Ohio Ensemble Helps to Create ‘a Musician’s Dream’
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When conductor Timothy Russell co-founded the ProMusica Chamber Orchestra 33 seasons ago, he not only wanted to bring new music to Columbus, Ohio, but to expand the chamber orchestra repertoire. “From day one, our mission statement has included a commitment to the creation of a new American chamber orchestra repertoire,” Russell says.
Three decades later, the orchestra has made a major dent in this goal, commissioning over 50 new works and premiering more than 100. This season, the orchestra is releasing three new recordings, titled Triumvirate, Resounding, and a third, as-yet-untitled recording, featuring works composed and performed by 17-year-old pianist and composer Conrad Tao. Composers on the first two CDs include Joan Tower, Mark O’Connor, Christopher Theofanidis, and Roberto Sierra. Although the three recordings were produced between 2005 and 2009, the orchestra chose to hold their release until after the initial downturn of the economic recession.
The orchestra was founded in 1978, when, Russell says, Columbus was working hard to establish itself as a major American city. “Almost all cities have a symphony, an art museum, and the next level have an opera or ballet company,” he says. “But the truly great cities have chamber orchestras.
“We hit the right chord at the right time.”
Today, part of the mission of ProMusica is to record its commissions, Russell says. “If you look at great orchestras and commissions, if they commissioned Copland or Barber, they routinely recorded these pieces,” Russell notes. “One of the saddest things is that today not all commissions by famous composers are always getting recorded. What ProMusica is doing is pretty unique in the orchestra world.”
Cellist David Finckel, who has soloed with the orchestra, agrees with the importance of this model. “The whole package of having the piece written for us, having the performance with the orchestra, and then the recording opportunity folded in is a musician’s dream,” he says.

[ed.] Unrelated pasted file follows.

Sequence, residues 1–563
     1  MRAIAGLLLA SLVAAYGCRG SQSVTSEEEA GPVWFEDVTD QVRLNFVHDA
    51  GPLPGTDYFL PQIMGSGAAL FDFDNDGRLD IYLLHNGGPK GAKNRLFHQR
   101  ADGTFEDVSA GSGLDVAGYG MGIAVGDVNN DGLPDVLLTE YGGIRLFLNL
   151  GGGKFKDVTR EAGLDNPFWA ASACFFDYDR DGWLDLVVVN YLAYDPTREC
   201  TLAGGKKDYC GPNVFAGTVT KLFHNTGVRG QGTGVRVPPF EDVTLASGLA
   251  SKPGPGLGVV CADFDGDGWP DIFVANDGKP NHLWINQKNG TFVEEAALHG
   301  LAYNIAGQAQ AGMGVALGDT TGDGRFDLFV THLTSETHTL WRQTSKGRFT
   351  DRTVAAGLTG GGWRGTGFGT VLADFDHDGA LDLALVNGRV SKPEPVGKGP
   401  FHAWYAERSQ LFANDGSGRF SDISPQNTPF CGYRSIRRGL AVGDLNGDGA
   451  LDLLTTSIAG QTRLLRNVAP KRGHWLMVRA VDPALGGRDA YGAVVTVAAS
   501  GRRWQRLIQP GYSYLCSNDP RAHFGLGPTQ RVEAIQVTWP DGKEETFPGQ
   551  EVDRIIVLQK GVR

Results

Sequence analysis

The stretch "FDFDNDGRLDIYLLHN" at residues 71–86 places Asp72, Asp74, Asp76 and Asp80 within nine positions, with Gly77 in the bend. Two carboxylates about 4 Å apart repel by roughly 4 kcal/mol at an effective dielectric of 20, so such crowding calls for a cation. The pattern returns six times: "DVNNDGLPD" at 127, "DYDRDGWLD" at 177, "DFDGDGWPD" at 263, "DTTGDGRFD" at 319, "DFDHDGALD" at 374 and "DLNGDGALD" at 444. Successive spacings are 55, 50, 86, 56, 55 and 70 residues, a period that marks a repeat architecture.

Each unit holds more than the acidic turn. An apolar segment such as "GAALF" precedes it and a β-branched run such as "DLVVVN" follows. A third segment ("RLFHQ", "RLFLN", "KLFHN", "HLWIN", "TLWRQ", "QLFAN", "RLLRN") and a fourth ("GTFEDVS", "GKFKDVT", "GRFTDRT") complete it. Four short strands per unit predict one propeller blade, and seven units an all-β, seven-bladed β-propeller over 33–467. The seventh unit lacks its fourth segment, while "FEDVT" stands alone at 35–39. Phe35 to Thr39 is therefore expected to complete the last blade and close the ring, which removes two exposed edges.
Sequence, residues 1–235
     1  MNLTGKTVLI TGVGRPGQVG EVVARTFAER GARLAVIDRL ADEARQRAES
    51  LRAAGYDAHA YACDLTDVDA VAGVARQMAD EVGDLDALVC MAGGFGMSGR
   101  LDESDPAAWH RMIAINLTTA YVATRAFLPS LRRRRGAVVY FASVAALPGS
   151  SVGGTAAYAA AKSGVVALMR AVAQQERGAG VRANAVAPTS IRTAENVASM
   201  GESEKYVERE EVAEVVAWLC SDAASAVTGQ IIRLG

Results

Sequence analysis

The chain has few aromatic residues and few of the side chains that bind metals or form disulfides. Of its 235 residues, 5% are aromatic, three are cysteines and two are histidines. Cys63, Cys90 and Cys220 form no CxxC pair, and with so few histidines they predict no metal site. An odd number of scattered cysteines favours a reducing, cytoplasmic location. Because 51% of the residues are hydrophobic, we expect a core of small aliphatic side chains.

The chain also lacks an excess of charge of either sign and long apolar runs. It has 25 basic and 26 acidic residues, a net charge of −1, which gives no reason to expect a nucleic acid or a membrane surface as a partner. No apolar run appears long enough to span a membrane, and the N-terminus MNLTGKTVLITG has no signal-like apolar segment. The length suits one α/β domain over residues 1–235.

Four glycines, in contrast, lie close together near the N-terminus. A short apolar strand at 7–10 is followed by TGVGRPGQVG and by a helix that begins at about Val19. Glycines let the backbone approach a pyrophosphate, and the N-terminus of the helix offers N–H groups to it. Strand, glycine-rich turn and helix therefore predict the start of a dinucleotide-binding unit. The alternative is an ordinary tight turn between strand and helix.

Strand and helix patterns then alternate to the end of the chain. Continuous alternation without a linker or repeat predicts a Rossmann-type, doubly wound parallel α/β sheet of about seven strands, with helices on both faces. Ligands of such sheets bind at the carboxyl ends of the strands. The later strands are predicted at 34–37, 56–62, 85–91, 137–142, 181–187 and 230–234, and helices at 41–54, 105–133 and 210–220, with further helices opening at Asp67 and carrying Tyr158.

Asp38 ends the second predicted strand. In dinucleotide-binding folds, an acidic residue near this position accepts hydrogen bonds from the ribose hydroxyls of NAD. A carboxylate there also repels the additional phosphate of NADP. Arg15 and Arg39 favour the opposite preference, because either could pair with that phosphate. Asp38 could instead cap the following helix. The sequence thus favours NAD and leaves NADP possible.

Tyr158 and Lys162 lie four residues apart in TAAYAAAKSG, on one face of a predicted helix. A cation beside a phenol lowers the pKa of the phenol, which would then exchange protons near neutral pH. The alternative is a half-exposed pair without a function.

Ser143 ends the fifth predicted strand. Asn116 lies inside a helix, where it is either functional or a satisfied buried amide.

Triumverate, the first of the three recordings, is unique for featuring three new concertos, each written by a female composer. The first, “Compadrazgo,” by Gabriela Lena Frank, is a double concerto for cello and piano, performed by Finckel and his wife and frequent collaborator, the pianist Wu Han. The second work, composer Lera Auerbach’s “Fragile Solitudes” for string quartet and orchestra, is performed by the Borromeo Quartet. The third piece on the album, Joan Tower’s viola concerto, “Purple Rhapsody,” was written for and performed by violist Paul Neubauer.
The composition and rehearsal process was a collaborative one, says Neubauer. Tower came to rehearsals and made suggestions about dynamics, tempo, and interpretation. “Can you just imagine if you had Mozart there saying ‘I want more horns?’” he says. “It was so great to have her involved with the whole thing.”
When commissioning, the orchestra looks for a number of different things, Russell says. Important characteristics include composers with a unique voice, orchestrators who write in a colorful way, and pieces that can create a visceral connection with the audience on first hearing. ProMusica occasionally commissions works—such as the Tower piece—as a member of a consortium of other orchestras, so that all parties share the cost. According to the nonprofit group Meet the Composer, a commission less than 10 minutes in length for chamber orchestra can cost $7,000 to $21,000.
“It’s always exciting to premiere and record pieces,” ProMusica concertmaster Katherine McLin says. “When you’re playing a piece that really has legs and staying power, the legacy you’re creating by bringing that piece to life is incredibly rewarding.”